R., I do think it probably was a matter of habit and convenience; I will have to look into the early history in Pennsylvania, as a Quaker foundation, they didn't have to contend with Lord Hardwicke. I'm sure Howard, in History of Matrimonial Institutions, must take note of such things.

Marshall, money may have been at play, though from my reading that was not the primary thinking in Lord H's Act, which was apparently more a concern about clandestinity -- with a deliberate slap at "Papists" intended, too. But the $$ side of things may have made it go down easier for the Vicars collecting "the customary duty"...

G.S., on the contrary I think there are quite sound rational arguments addressing potential and actual weaknesses and issues in polyamorous relationships, and I take that up at some length in Reasonable and Holy. Which is not to say I believe it absolutely impossible for such relationships to be capable of blessing and being blessed -- witness the patriarchs -- but even there the difficulties inherent in maintaining balance and reciprocity are evident. I think it unlikely, though, that the church will come to accept polyamory any time soon, if ever. At the same time, the church has come to accommodate blessing second marriages of divorced couples, so I suppose anything is possible. As to civil society, some jurisdictions in the world still permit polygamy for certain religious groups, though not, I think, in the U.S.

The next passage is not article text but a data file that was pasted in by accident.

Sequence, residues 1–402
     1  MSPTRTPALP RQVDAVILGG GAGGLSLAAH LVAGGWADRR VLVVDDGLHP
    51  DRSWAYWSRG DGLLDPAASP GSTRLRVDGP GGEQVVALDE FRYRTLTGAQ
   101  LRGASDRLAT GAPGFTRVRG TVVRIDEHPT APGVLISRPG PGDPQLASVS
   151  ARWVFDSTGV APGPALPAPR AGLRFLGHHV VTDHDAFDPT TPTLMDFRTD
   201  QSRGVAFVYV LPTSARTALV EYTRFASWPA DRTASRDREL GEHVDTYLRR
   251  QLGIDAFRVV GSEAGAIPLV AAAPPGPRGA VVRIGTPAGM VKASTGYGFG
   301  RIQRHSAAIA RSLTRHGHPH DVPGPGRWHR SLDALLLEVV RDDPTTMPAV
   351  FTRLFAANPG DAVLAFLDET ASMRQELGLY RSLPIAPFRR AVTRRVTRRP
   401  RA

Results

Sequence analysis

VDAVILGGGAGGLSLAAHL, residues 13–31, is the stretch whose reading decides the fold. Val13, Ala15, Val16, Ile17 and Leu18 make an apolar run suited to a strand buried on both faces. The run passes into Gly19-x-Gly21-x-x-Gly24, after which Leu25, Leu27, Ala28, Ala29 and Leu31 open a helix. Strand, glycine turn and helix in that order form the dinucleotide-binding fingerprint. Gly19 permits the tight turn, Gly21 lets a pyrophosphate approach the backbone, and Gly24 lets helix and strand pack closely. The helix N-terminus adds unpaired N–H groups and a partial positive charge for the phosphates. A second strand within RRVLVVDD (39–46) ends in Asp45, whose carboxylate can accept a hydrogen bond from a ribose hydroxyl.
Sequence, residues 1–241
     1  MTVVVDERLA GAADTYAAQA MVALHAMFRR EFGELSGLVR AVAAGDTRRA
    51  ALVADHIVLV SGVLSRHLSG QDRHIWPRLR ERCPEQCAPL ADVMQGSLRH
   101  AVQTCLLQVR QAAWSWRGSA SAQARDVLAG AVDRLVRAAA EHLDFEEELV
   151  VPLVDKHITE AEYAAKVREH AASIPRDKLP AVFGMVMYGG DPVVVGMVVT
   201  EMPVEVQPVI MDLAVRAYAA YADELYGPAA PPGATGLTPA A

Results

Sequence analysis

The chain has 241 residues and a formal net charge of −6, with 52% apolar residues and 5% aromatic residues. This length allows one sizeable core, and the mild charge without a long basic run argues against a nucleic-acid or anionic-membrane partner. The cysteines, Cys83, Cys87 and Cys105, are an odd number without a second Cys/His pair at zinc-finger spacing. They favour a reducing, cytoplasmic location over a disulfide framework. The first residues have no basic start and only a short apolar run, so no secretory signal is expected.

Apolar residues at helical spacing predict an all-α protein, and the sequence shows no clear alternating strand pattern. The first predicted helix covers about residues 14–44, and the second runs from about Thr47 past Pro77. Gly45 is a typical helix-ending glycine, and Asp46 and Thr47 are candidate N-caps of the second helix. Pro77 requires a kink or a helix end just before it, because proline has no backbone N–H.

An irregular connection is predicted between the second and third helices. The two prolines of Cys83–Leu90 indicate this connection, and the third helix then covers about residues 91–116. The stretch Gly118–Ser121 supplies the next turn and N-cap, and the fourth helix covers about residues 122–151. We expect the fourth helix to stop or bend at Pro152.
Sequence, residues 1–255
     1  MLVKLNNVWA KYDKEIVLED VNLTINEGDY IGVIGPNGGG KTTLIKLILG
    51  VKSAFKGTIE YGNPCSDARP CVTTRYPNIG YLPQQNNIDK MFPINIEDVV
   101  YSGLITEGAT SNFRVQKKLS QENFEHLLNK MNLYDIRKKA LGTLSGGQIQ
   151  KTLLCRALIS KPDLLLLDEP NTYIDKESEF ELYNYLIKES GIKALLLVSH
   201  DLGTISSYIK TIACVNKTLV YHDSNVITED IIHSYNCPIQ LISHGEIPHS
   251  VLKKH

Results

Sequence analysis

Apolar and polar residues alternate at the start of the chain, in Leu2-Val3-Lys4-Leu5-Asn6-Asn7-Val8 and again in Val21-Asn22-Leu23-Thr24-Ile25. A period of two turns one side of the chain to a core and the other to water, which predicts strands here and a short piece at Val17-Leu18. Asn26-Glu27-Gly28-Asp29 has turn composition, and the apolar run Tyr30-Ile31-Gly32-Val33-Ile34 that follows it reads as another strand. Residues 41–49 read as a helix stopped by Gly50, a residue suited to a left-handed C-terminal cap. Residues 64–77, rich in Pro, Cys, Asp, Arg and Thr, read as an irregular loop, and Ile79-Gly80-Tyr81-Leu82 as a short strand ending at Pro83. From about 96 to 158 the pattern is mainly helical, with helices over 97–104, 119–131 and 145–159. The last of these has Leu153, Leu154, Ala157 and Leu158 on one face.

Anonymous said...

Tobias wrote: " ... I suppose anything is possible."

Oh my, you sure don't want to be quoted as saying that out there in Internet-land! The places we could go with such an admission could get us into ... well, let's just say, into places that are interesting!

And since when is sexuality "sound and rational"? And isn't the project of trying to make it so one of binding our sexuality into the straitjacket of traditional heterosexual norms and expectations? And isn't that a project which makes us complicit in the very oppression which has reduced us to second or even third-class "citizens" in the church? Why should we put up with that? Why in the world would we buy into the oppression of "monogamy" when that's used so freely to slam the door in our faces?

The Gay Scientist

Tobias Stanislas Haller said...